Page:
Courage, My Daughter!

An excerpt from my March 11, 2015 Okefenokee nature journal: Wednesday, 9:45 AM – In exploring the swamps of Georgia and Florida in the 1700’s the naturalist William Bartram stated, “the alligators were in such incredible numbers, and so close together from shore to shore, that it would have been easy to have walked acrossContinue reading “Courage, My Daughter!”

This Incredible Boldness – William Bartram

“I saw before me, through the clear water, the head and shoulders of a very large alligator, moving slowly towards me; I instantly stepped back, when, with a sweep of his tail, he brushed off several of my fish. It was certainly most providential that I looked up at that instant, as the monster wouldContinue reading “This Incredible Boldness – William Bartram”

Okefenokee Black Bear Tracks

Alligators aren’t the only megafauna of the great Okefenokee Swamp! I’ve made several excursions to the Okefenokee, but have never had the privilege of spotting a bear. I get a bit jealous as I see iNaturalist observations of Black Bears lumbering through the Stephen C Foster campground, or in other places throughout the swamp. ​Continue reading “Okefenokee Black Bear Tracks”

Okefenokee Magnificent White Bonnet Lily Blooms

“A man who has spent his entire life in and near the Swamp describes the setting of Gannet Lake as follows: From this lake one can look across a five-mile stretch of prairie and see the large green lily leaves floating around and the magnificent white bonnet lily blooms, which look as white as snow,Continue reading “Okefenokee Magnificent White Bonnet Lily Blooms”

World Record Alligators

The largest alligators are said to have been from 15 to 19 feet long. I don’t think any of those 19-footers were scientifically verified, but an internet search shows Mandy Stokes’ 15’9” alligator holds the current world record. The largest Georgia alligator was killed in 2019 and measured 14’1”. ​ I haven’t climbed out of my canoe withContinue reading “World Record Alligators”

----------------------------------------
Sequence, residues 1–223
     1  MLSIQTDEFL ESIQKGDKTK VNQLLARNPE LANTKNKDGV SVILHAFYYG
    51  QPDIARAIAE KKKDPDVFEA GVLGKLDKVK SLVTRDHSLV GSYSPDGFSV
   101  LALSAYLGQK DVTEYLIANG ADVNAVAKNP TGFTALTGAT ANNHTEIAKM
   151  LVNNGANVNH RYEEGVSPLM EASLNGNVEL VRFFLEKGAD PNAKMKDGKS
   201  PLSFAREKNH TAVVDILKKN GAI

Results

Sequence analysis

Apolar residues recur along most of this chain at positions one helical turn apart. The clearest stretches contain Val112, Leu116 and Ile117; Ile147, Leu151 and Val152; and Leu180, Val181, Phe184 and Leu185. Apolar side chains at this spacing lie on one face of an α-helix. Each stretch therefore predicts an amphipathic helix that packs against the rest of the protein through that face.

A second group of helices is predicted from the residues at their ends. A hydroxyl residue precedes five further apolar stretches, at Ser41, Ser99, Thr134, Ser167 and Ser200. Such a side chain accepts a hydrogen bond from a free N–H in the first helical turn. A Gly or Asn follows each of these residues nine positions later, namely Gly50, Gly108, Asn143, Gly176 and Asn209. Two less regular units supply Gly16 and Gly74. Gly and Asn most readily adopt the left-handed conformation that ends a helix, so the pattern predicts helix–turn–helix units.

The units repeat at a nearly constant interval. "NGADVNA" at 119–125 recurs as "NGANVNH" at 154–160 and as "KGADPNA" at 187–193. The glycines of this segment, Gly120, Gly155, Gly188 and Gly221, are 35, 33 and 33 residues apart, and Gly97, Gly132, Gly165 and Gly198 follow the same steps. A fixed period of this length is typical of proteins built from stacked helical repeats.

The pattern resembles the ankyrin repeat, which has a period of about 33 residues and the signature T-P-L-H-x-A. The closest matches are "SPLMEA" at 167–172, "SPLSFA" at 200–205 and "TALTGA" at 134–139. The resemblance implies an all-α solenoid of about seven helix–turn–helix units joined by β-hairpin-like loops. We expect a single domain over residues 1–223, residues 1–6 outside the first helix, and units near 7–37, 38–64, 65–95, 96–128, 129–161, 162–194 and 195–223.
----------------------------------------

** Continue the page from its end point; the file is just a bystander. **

Okefenokee Bonnet Lakes

In 1875, The Atlanta Constitution published the dramatic headline: “We now announce to our readers, and the people of Georgia, that we are fitting up an expedition for a complete and thorough exploration of Okefinokee. The full details of the plan and expedition will be published soon – if they come out alive.” Over the nextContinue reading “Okefenokee Bonnet Lakes”

Okefenokee Florida Red-bellied Cooter Turtle

The Florida Redbelly Turtle is another common aquatic turtle I’ve spotted on my canoe adventures throughout the Okefenokee Swamp. A close look at Pseudemys nelsoni reveals two cusps on its upper beak which differentiates it from the other turtles in the refuge. The Suwannee River, which runs through the Okefenokee, is the northern border ofContinue reading “Okefenokee Florida Red-bellied Cooter Turtle”

Here Lived and Loved Another Race of Beings

In an 1825 oration, early American poet ​Charles Sprague beautifully laments the  extirpation of the American Indian that once roamed the lands like the Okefenokee: “Not many generations ago, the rank thistle nodded in the wind, and the wild fox dug his hole unscared. Here lived and loved another race of beings. Beneath the sameContinue reading “Here Lived and Loved Another Race of Beings”

Obliging Alligators

An excerpt from naturalist Bradford Torrey’s 1894 book, A Florida Sketch-Book: “​The river in that part of its course is comfortably narrow,—a great advantage,—winding through cypress swamps, hammock woods, stretches of prairie, and in one place a pine barren; an interesting and in many ways beautiful country, but so unwholesome looking as to lose much ofContinue reading “Obliging Alligators”

Okefenokee Green Heron

An excerpt from my March 10, 2015 Okefenokee Journal; my daughter’s first trip to the Okefenokee. Tuesday, 4:13 PM – After pitching camp in the Stephen C Foster State Park campground, the game with my daughter was to see who would spot our first alligator. So we headed down the Trembling Earth Nature Trail andContinue reading “Okefenokee Green Heron”